Tulle, Lace, Satin, Organza
The bridal industry is full of confusing terms that can leave brides overwhelmed and wondering what they are purchasing if they arent prepared ahead of time. In our blog post from 12/30/2019, we broke down the different kinds of silhouettes and styles of wedding gowns that you might see when shopping for your dream dress. We want to take that a step further and dive into the 7 most common fabrics that you will see in a bridal store. If the words tulle, lace, satin, and organza send your head spinning, you are in the right place!!
Types of Fabric for Wedding Dresses
First up is chiffon. This type of fabric is pictured above on the skirt of this wedding gown. Chiffon is flowy and will blow in the wind if you are outside. Bridesmaids dresses are frequently made out of chiffon as well. Many describe chiffon wedding dresses as having a boho look about them, and many brides choose a chiffon gown for a beach wedding. Chiffon is great if you are looking for something lightweight and comfortable. The one drawback to chiffon is that it can stick to the body if there is any staticso have some static guard on hand if you choose a chiffon dress!
Pictured above is an example of a wedding dress made out of crepe. This fabric is stretchy and clings to the body. Crepe is similar to jersey, which is a fabric frequently used as the lining in lace or tulle wedding gowns due to is comfort, but has a little more texture to it than a smooth jersey fabric. Crepe is a great option if you are looking for something that will be comfortable throughout the wedding day.
When I think of a Mikado wedding dress, I think of Meghan Markles stunning wedding gown. Mikado is a thicker fabric and will weigh more than chiffon or even crepe. Mikado is frequently used in simple dresses without beading or lace. It oftentimes has a beautiful sheen to it and has more texture than a satin fabric.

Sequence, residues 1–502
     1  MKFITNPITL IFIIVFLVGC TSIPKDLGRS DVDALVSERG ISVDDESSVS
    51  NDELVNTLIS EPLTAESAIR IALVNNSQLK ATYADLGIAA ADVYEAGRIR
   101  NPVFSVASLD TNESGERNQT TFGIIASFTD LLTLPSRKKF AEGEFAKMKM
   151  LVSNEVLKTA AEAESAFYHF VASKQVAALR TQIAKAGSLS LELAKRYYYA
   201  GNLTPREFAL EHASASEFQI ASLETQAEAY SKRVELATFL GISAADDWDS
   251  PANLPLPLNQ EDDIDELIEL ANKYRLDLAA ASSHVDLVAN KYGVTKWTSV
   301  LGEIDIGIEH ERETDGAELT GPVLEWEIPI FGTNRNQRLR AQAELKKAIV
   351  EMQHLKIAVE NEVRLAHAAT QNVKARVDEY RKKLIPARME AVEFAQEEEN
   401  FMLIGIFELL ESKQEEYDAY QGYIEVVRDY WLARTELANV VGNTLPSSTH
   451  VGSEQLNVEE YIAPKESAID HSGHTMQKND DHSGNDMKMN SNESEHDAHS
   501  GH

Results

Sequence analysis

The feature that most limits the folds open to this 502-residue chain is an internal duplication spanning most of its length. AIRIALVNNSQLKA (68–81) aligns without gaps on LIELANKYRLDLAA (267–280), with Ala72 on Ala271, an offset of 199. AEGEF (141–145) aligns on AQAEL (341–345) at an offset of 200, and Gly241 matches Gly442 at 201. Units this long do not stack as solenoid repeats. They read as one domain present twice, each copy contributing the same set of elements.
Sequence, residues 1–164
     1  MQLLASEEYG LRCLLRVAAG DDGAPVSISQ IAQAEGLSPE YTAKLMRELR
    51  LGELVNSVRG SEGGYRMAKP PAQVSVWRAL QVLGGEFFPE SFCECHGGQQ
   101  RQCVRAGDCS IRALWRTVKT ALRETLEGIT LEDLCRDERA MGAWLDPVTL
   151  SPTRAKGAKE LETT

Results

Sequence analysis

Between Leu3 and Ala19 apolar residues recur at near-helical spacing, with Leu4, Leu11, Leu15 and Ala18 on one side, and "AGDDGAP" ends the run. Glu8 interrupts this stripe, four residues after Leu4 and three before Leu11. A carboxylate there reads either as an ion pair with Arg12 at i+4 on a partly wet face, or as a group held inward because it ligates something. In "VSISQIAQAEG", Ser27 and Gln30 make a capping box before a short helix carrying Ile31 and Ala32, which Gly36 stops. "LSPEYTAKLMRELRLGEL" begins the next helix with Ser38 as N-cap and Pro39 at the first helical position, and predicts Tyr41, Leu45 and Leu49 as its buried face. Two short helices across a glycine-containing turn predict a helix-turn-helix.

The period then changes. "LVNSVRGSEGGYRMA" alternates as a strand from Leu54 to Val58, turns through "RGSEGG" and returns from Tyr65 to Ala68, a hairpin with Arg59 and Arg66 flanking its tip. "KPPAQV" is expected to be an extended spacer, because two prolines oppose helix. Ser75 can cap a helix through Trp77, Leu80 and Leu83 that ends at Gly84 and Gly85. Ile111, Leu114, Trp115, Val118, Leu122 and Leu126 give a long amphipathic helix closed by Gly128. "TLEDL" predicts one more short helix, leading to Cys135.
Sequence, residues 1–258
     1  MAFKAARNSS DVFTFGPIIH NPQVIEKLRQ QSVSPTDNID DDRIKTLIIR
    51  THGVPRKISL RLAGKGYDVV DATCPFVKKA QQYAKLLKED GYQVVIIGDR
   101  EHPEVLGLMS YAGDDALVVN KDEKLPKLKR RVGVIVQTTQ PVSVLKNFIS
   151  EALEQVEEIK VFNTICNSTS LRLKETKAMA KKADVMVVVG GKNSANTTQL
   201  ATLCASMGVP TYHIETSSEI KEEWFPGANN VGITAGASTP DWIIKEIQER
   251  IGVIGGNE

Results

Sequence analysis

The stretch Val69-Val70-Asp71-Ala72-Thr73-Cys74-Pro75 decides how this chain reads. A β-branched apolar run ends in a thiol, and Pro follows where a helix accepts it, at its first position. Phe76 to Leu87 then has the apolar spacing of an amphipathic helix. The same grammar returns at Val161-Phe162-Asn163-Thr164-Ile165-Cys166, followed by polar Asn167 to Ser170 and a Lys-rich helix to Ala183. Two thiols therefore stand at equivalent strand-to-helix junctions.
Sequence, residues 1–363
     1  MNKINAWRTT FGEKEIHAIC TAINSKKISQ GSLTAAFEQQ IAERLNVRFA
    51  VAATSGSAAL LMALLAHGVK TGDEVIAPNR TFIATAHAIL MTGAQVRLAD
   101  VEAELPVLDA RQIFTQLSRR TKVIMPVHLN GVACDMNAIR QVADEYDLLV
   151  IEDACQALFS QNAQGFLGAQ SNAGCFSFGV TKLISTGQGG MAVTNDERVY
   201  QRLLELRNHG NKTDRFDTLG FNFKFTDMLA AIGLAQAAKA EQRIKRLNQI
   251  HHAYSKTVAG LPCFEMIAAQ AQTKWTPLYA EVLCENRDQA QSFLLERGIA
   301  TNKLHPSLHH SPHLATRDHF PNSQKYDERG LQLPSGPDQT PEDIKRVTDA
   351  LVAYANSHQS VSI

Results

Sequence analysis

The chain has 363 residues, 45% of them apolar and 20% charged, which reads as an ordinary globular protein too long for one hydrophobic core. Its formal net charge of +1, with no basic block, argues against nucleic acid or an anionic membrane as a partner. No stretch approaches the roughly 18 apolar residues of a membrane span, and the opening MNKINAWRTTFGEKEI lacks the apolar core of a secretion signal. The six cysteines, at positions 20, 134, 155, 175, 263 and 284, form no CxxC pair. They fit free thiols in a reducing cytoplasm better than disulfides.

Next up is organza. Organza fabric is see-through, so it is frequently used as an overlay on a wedding dress (such as the pink overlay on the dress above). Organza also has an iridescent shine to it, which sets it apart from its close relative, tulle. When compared to tulle, organza has a buttery feel compared to the coarse texture of tulle.
This wedding dress has a satin skirt. Satin is similar to organza as it has a sheen to it; however, satin is not see through. Satin is another fabric that is frequently used for simple or plain wedding gowns. It can be heavy, and you may get warm if you have a satin dress for a summer wedding! Satin is a classic look; a fabric used for traditional wedding gowns.
Silk is a buttery soft fabric that has a slight sheen to it, but not as extreme as satin. Silk can be expensive and can yellow over time, but provides such an elegant and classic look to a wedding dress! This A-line skirt pictured above is pictured in silk.
Last but not least is tulle. Tulle is a very popular trend in bridal at the moment. It is a coarse fabric that provides volume to A-line and ballgown skirts. It can also be used on a fitted dress, but a fitted tulle dress typically has a lace pattern sewn onto the tulle. Tulle can be itchy, but designers frequently line the dresses with other, more comfortable fabrics to prevent discomfort. Tulle is see through and creates a dreamy look to a wedding gown.
Types of Fabric for Wedding Dresses Recap
We have covered chiffon, crepe, mikado, organza, satin, silk, and tulle fabrics as they relate to wedding dresses. Although this is not an exhaustive list of fabric types, these are the most popular types of fabric for wedding dresses at this time!
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